Our immortal selves - C.K.Mathew, C.S. Rajasthan

The greatest secret yet to be revealed is regarding what happens to us after our body decays and we are no more.

Of course, this assumes that our body is but the vessal that carries something more than flesh and bones: all religions accept the fact that there is a soul that lives on even when the body is gone. Most religions contemplate a life after life, a divine and metaphysical heavenly paradise where the soul fuses with a universal Spirit that is the very embodiment of God Himself.

It is unthinkable but there are many amongst us who ponder on the question that there may not be anything after all once the heart stops ticking. The end. How very awful, but the possibilty is there, you must grant that. It does not in any way detract from the concept of the existence of an omniscient, omnipotent and omnipresent God, for He was, is and shall be always there, whether we are there or not. Perhaps we are but insignificant pawns in the great Plan that is being played out by Him. Perhpas we, as a race, do not matter at all to the great Universe, this third planet spinning around Sol.

At a prayer meeting to mourn the passing away of a well-respected and well-known senior citizen of Jaipur, I heard one of the speakers quote from Psalm 103:

As for man, his days are as grass: as a flower of the field, so he flourisheth. For the wind passeth over it, and it is gone; and the place thereof shall know it no more.

Written some time circa 1000 BC, these words make it clear that even then, three millenia ago, men were contemplating the frail and transitory nature of the human existence. And perhaps, several millenia later, if the human race still exists, we may be still scratching our heads over it. Our mortality is our common inheritance, scattered as we are over several continents and dispersed as we are over several racial groups. We worry about it, we spend countless days and nights in the inexplicable natue of our lives and yet we reach no conclusion. This alone, this predicament of ours, unites us as nothing ever can or will.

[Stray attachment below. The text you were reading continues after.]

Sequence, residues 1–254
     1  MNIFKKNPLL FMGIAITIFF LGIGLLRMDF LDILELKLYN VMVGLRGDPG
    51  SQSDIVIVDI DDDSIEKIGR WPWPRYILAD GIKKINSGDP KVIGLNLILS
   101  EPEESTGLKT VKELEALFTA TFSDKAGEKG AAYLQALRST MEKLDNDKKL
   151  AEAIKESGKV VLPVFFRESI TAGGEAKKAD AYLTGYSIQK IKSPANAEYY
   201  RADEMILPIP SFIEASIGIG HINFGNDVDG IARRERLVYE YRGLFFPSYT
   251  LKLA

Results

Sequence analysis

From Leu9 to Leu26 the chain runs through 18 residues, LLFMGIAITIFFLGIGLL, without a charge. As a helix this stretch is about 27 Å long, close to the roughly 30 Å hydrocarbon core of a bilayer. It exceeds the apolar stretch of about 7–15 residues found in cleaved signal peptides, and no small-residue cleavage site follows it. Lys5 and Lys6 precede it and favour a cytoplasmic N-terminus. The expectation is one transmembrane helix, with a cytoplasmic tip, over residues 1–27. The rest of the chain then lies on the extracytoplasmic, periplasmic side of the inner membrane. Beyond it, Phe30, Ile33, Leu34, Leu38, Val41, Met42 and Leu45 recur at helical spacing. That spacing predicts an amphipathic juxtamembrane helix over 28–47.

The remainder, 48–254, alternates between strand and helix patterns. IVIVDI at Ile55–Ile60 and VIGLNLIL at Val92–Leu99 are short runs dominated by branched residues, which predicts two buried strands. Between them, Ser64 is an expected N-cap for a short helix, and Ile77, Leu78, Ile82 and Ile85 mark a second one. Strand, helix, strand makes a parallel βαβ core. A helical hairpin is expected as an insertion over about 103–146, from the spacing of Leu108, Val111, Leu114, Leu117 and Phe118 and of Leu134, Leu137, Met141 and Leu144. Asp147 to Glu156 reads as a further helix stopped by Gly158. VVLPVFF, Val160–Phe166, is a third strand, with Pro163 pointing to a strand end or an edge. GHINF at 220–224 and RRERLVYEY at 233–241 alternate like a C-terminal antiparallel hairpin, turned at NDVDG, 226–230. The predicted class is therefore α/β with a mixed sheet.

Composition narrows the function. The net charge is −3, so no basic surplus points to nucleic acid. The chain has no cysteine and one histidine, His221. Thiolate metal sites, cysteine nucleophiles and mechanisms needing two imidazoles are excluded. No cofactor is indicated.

And that is why we leave our markers behind us, to remind ouselves and others who follow, that we were here once, we lived and celebrated, we did great things and made a wonderful noise, before we left. The crumbling marble statues of the Roman and Greek civilizations, the inexplicable Sphinx presiding over the mysterious Pyramids, the artefacts of the indus civilization, each of the paintings of a Michelangelo or a Leonardo da Vinci or a Picasso, each marker we leave behind is a courageous and indomitable reminder that we left behind to remind us that though our lives here are fleeting we yet aspire for an immortality that will define us as the proud and wonderful species that we are, the homo sapiens. We perversely write our names on old monuments, hoping that our scribblings will proclaim our identity long after we are gone. We name schools and hospitals after our revered parents or some great benefactor, hoping that their memory will live on in the institutions that we build, for generations thereafter. Even the books we write, the poetry that we recite, or the sculptures and paintings that we create, all shout out the words, I am, I was here once, I lived before I died, and what I did here so many years ago, are the things that you see and admire today. In your appreciation of what we did, we live again, we become immortal.

There is no doubt about it, even though we may deny the truth of it, the fact is that we are obsessed with our mortality, the shortness of our existence, the impermanent nature of the human condition. We may not be able to articulate it, we may not even acknowledge the bitterness of that inescapable truth, but there it is, we are seeking to perpetuate our immortality even though we know that there is no such thing.

So then, what is the message of this blog? Nothing that we do not know, nothing that we have not celebrated and sung peans about. That we human beings are the finest creatures that the Almighty has created; puny, inconsequential, of little significance in the overall perspective set against the vast and immutable Universe, but undeniably great and impossibly heroic. We are what we are, homo sapiens, the wise and knowing humans; knowing that we are here but for a brief moment, nevertheless strutting around as if we are immortal gods.
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